Most hospitals were found to be noncompliant with federal and state regulations when completing patient medical records requests, according to a study published in JAMA Network Open.
Through a simulated patient experience, researchers analyzed 83 U.S. hospitals across 29 states that maintained independent medical records request processes and medical records departments reachable by telephone. The hospitals were among the top 20 hospitals for each of the 16 adult specialties in the 2016-17 U.S. News & World Report Best Hospitals National Rankings.
Under HIPAA, patients have a right to access their protected health information. Federal law requires medical record requests must be fulfilled within 30 days of receipt, in the format the patient requests and for a fair cost to the patient.
Information on records request authorization forms differed from that obtained from patient telephone calls in terms of requestable information, formats of release and costs, according to the researchers. Additionally, 8 percent of hospitals were noncompliant with state requirements for processing times.
On telephone calls, all 83 hospitals said they were able to release entire medical records to patients, but on the forms, fewer than 9 hospitals (11 percent) provided the option of selecting one of the categories of requestable information, such as laboratory test results, medical history and discharge summaries, and only 44 hospitals’ forms (53 percent) gave patients the option to acquire the entire medical record.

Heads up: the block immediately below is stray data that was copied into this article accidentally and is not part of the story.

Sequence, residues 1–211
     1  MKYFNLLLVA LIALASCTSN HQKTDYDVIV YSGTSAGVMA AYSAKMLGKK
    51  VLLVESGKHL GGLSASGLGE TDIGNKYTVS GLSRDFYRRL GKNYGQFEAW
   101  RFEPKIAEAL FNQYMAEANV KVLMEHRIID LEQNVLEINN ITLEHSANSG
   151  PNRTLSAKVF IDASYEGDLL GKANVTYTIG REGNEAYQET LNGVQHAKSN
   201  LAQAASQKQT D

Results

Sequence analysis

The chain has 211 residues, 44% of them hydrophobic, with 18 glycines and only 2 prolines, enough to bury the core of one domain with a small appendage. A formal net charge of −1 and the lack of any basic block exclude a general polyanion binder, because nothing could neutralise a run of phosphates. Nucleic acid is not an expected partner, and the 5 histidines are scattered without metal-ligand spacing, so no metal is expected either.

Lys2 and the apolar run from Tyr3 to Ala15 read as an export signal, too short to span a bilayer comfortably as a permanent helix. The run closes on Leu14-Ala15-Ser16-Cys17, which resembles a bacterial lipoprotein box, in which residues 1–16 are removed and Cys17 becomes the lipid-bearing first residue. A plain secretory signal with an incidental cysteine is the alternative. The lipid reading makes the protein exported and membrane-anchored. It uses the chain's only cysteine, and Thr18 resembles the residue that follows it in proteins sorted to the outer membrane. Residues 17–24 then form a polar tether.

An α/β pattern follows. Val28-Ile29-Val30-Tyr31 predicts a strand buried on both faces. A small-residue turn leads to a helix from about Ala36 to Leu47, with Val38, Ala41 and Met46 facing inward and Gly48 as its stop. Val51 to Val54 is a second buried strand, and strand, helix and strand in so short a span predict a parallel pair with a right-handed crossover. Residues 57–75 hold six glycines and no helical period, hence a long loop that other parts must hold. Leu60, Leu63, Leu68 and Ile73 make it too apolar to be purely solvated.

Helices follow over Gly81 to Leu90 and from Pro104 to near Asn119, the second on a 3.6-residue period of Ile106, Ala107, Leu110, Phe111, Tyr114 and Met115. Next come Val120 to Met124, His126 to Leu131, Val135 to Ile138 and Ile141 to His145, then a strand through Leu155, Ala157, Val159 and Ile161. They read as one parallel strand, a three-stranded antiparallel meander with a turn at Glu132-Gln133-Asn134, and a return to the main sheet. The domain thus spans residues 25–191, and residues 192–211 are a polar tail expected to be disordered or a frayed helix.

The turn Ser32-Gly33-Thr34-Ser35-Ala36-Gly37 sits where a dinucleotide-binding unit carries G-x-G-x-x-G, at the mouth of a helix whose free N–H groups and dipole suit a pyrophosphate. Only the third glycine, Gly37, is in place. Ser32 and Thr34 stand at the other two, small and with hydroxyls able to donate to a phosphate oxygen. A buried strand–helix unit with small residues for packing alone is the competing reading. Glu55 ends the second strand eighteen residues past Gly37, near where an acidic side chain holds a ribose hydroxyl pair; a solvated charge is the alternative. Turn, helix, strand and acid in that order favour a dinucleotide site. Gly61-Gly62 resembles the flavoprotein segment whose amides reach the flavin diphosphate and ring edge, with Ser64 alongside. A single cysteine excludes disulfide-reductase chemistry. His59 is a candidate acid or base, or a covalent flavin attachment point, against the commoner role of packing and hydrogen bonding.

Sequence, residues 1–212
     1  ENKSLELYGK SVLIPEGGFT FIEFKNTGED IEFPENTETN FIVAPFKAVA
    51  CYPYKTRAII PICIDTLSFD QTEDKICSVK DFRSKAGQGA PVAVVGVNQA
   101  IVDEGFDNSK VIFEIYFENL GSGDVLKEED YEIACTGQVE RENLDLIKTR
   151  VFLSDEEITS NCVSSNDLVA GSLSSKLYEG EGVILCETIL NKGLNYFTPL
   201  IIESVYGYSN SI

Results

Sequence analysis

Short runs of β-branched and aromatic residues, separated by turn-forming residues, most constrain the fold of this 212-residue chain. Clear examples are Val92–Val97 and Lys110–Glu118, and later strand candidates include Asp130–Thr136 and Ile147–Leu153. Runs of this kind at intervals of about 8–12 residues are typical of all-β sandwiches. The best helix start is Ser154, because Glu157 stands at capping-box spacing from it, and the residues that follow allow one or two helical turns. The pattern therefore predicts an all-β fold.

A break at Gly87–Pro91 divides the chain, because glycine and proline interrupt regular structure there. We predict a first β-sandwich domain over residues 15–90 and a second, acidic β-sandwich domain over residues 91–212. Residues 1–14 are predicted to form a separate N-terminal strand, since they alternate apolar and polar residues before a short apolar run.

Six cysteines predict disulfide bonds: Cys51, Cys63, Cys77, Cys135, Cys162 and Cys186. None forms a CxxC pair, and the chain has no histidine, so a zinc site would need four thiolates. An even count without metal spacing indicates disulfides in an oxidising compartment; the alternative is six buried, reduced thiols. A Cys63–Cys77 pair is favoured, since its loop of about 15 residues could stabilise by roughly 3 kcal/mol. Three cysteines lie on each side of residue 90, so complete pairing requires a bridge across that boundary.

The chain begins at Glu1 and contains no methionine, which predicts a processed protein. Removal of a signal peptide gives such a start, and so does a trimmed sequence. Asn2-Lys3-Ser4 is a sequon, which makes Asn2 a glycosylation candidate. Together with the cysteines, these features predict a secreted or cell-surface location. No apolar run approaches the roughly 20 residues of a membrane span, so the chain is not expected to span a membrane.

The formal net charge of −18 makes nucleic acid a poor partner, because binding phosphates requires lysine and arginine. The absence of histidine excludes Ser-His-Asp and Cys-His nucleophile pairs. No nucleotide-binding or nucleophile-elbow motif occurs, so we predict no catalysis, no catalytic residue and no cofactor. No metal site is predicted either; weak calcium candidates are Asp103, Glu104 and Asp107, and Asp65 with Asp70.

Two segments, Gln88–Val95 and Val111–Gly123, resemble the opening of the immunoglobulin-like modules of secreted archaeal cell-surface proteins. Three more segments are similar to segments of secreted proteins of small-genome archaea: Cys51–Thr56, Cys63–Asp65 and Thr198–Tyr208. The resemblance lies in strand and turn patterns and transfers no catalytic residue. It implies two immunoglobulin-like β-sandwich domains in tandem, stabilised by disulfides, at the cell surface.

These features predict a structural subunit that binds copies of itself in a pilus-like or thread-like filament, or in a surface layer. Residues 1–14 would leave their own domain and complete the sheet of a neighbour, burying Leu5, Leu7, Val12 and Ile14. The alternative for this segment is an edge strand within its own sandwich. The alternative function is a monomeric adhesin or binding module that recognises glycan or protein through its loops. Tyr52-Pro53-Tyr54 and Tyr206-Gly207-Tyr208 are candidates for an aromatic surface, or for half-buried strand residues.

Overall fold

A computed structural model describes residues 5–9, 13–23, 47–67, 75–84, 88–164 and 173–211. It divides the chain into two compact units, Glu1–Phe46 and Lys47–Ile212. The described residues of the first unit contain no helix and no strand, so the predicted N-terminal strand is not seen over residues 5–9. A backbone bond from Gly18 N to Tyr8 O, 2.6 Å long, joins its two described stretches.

There were also differences between the formats hospitals said they could use to release information. On telephone calls, 83 percent of hospitals stated they would allow the patient to pick up their records in person, compared with 48 percent of forms listing this option. Forty-seven percent of hospitals indicated they could email patients their records when patients asked on the telephone calls, while only 33 percent of hospitals’ forms listed email as an option.
The researchers also identified 48 hospitals that charged well above the federal government’s recommendation of $6.50 for electronic records — charging as much as $541.50 for a 200-page record.
“Requesting medical records remains a complicated and burdensome process for patients despite policy efforts and regulation to make medical records more readily available to patients,” the study reads. “As legislation, including the recent 21st Century Cures Act, and government-wide initiatives like MyHealthEData continue to stipulate improvements in patient access to medical records, attention to the most obvious barriers should be paramount.”